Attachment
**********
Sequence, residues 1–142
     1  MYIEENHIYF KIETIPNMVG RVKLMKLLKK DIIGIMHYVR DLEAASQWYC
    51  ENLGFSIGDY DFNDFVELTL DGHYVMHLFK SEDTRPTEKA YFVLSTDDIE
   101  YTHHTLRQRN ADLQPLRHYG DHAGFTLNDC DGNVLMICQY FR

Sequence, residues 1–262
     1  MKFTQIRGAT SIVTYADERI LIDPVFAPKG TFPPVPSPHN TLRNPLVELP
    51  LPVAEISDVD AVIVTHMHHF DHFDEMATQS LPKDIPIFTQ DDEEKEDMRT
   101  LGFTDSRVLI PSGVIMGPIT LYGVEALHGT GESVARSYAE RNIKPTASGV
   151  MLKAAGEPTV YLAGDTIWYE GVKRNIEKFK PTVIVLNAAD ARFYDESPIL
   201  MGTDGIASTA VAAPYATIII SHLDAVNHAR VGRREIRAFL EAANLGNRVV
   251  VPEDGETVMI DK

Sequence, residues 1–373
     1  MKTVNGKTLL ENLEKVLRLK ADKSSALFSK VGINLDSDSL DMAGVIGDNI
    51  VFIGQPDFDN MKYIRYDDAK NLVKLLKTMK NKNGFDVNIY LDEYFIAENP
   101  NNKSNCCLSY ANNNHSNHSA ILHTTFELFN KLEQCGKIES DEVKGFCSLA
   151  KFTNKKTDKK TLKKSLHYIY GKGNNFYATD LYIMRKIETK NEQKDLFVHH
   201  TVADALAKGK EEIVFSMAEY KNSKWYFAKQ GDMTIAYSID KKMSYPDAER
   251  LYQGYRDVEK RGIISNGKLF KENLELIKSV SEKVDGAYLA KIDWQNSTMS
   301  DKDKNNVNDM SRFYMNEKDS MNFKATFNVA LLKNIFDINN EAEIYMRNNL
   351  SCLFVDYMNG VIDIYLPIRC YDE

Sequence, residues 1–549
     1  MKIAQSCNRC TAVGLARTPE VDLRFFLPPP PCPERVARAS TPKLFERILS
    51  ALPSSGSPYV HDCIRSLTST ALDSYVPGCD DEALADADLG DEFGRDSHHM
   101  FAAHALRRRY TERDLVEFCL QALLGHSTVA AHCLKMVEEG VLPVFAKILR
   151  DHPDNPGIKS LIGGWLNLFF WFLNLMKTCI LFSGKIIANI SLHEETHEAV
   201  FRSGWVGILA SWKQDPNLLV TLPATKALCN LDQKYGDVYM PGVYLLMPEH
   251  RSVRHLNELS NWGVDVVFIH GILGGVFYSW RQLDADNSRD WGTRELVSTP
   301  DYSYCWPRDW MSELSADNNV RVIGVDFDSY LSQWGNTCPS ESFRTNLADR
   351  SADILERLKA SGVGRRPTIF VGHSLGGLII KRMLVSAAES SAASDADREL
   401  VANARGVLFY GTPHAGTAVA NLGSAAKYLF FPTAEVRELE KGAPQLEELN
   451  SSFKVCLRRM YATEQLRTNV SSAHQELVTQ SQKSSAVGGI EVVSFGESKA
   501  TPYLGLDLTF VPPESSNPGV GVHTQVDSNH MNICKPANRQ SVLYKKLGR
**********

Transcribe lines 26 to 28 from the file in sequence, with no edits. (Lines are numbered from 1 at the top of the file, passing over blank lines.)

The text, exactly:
   201  FRSGWVGILA SWKQDPNLLV TLPATKALCN LDQKYGDVYM PGVYLLMPEH
   251  RSVRHLNELS NWGVDVVFIH GILGGVFYSW RQLDADNSRD WGTRELVSTP
   301  DYSYCWPRDW MSELSADNNV RVIGVDFDSY LSQWGNTCPS ESFRTNLADR